Berkowitz: That's interesting. It was your initiation back into the power game there. What about the results of that? There's a quote from Robert Ball, who obviously is a self-interested observer, who said that the creation of HCFA produced only an average result. The superior Medicare program went down a little bit and the inferior Medicaid program went up a little bit. The net result, he was implying, was zero. Do you think that's fair or do you think this really achieved the sort of synergy and management efficiency that it was intended to?

Califano: I think it achieved some management improvement, some savings. I think more importantly it helped to focus the department on costs, on efficiency, on driving home these things. It also dramatizes that doctors get paid less for Medicaid patients than they do for Medicare. If I had had the power, if we had had our national health plan, we would have merged Medicare and Medicaid. I've always thought that it should be one program with some kind of employee mandate for the rest of the country, but that just wasn't to be. It's a political accident and a political reality that poor people have less clout than old people, that they're separate programs.

Berkowitz: How far does this logic of reorganization extend then? Why not have a separate Disability bureau, if we can have Vocational Rehabilitation and SSDI together? Why did you oppose the Department of Education which you could say is just another step in the same direction?

Califano: The reason the Department of Education made no sense to me, and still makes no sense to me, is that basically the Department of Education does two things. It hands out elementary and secondary education money. That's done by a formula, it's a negotiated treaty on the Hill now, and we just write the checks. But when you write the checks they're for schools that are full of people who are on Welfare and who are getting Medicaid. So I think that it helps to have all of that together because it's focussed on the poorest people in the country, and it makes you better able to see them as people rather than see them as a kid in school, rather than somebody getting a welfare check, or as somebody getting a little health care. The other function is the higher education program, and that really is a check writing operation too. You're giving grants and loans to a bunch of students. We're not really administering that program; the universities are. If you look at those two functions, I don't believe the federal government has a major role in terms of academic standards or excellence. Thirdly, I think when you create a Department of Education, I worry to this day about the intrusion of government on the academic community. I used to talk to Derrick B [President of Harvard] about it and to Giamatti. Some of the things colleges and universities are living with now, the civil rights issues and the investigations that they have sparked, the fact that with federal money goes federal interference--there's no federal money without strings--and the dependence of some of these universities on federal money, to get this all concentrated in a Cabinet department I didn't think made a lot of sense.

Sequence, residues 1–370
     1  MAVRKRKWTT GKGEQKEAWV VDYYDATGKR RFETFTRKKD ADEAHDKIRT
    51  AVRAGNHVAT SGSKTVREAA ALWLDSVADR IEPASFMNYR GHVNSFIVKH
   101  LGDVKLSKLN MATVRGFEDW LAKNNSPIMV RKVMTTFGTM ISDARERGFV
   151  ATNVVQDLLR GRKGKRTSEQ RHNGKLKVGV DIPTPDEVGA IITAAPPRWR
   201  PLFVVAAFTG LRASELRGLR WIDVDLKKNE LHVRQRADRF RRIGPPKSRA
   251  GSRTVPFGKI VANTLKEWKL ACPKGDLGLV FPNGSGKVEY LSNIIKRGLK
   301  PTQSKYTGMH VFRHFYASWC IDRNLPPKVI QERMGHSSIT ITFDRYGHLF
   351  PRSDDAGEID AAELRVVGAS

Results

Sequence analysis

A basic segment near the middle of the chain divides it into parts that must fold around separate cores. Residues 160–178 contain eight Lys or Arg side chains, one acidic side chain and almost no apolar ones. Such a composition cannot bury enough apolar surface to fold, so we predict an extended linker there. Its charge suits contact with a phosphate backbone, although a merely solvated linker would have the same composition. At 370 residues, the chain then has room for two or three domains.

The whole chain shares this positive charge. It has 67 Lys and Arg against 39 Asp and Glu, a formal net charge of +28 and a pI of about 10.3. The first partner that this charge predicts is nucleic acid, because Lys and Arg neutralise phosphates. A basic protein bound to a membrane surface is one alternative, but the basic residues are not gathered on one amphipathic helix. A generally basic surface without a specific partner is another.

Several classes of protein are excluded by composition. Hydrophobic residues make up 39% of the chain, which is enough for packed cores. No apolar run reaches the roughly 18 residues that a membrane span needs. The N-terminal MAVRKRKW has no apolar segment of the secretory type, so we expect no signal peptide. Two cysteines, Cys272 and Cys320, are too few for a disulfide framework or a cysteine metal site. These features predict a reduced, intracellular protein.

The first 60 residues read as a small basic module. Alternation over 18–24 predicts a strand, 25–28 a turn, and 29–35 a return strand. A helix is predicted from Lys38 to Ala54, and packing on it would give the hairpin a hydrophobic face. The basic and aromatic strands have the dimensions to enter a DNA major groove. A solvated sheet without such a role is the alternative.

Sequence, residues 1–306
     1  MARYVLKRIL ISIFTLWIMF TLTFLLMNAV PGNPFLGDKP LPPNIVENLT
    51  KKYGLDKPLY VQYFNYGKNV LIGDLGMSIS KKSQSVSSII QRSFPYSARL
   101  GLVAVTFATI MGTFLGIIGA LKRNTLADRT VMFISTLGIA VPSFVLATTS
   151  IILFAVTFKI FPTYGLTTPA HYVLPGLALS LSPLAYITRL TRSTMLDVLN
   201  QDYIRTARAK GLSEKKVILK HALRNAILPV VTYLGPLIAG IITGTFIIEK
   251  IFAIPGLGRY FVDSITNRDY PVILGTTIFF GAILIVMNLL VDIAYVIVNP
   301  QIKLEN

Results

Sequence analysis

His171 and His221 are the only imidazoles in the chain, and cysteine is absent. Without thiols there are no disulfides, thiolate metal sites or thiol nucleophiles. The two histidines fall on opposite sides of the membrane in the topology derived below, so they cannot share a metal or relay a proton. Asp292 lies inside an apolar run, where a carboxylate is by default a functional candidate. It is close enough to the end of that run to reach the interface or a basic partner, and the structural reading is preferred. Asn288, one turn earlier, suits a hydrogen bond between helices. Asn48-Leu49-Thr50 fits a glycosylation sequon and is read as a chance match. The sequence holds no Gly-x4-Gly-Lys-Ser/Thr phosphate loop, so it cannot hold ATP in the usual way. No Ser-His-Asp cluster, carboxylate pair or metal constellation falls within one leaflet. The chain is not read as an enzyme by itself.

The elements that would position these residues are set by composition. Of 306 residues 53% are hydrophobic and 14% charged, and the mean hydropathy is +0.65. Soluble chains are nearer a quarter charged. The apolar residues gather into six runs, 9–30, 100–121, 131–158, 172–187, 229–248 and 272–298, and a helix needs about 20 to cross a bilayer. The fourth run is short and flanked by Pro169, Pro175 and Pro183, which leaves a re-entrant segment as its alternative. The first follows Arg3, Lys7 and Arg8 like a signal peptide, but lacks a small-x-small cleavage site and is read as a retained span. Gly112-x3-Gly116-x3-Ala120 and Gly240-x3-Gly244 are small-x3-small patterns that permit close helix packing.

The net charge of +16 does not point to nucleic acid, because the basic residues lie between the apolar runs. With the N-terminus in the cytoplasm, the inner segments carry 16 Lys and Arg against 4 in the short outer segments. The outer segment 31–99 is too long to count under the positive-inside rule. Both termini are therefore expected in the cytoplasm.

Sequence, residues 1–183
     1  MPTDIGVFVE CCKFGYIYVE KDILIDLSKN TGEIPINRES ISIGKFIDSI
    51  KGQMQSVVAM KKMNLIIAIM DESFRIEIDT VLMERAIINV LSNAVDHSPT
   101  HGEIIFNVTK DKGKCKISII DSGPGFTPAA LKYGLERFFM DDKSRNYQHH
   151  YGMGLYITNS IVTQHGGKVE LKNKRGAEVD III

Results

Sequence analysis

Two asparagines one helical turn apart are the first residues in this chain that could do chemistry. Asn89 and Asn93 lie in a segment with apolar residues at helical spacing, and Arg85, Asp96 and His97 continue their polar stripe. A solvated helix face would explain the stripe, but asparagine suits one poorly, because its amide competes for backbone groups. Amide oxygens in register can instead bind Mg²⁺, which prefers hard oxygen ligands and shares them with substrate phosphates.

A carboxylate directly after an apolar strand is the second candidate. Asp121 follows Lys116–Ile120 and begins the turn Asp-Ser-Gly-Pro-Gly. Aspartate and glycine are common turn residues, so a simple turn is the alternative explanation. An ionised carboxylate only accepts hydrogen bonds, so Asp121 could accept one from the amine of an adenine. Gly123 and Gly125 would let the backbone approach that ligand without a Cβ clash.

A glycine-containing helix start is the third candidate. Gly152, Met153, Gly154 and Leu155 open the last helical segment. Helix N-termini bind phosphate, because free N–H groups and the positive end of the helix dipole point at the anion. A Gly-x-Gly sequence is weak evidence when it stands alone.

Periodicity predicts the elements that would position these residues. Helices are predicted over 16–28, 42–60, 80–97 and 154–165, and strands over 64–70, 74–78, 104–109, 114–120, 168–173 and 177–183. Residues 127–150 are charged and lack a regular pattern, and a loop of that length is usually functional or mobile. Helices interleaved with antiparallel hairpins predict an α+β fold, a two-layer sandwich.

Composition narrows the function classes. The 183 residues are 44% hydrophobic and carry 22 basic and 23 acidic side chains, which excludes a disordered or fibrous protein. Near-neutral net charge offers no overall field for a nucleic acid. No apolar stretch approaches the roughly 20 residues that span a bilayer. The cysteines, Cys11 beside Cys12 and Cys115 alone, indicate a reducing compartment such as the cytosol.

Berkowitz: So it was more than turf?